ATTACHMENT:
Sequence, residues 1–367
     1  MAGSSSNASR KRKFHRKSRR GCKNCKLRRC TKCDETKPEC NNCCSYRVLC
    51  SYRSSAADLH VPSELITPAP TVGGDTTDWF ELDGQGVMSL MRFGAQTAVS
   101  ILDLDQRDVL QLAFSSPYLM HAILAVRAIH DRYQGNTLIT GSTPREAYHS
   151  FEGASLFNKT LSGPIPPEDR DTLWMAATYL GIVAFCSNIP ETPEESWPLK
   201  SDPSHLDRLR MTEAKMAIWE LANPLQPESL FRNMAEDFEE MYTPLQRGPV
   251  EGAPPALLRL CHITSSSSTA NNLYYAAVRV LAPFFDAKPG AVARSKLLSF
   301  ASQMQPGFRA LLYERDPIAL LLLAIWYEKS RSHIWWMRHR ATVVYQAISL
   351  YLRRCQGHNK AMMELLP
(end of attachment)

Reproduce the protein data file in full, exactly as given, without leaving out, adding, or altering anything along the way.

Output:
Sequence, residues 1–367
     1  MAGSSSNASR KRKFHRKSRR GCKNCKLRRC TKCDETKPEC NNCCSYRVLC
    51  SYRSSAADLH VPSELITPAP TVGGDTTDWF ELDGQGVMSL MRFGAQTAVS
   101  ILDLDQRDVL QLAFSSPYLM HAILAVRAIH DRYQGNTLIT GSTPREAYHS
   151  FEGASLFNKT LSGPIPPEDR DTLWMAATYL GIVAFCSNIP ETPEESWPLK
   201  SDPSHLDRLR MTEAKMAIWE LANPLQPESL FRNMAEDFEE MYTPLQRGPV
   251  EGAPPALLRL CHITSSSSTA NNLYYAAVRV LAPFFDAKPG AVARSKLLSF
   301  ASQMQPGFRA LLYERDPIAL LLLAIWYEKS RSHIWWMRHR ATVVYQAISL
   351  YLRRCQGHNK AMMELLP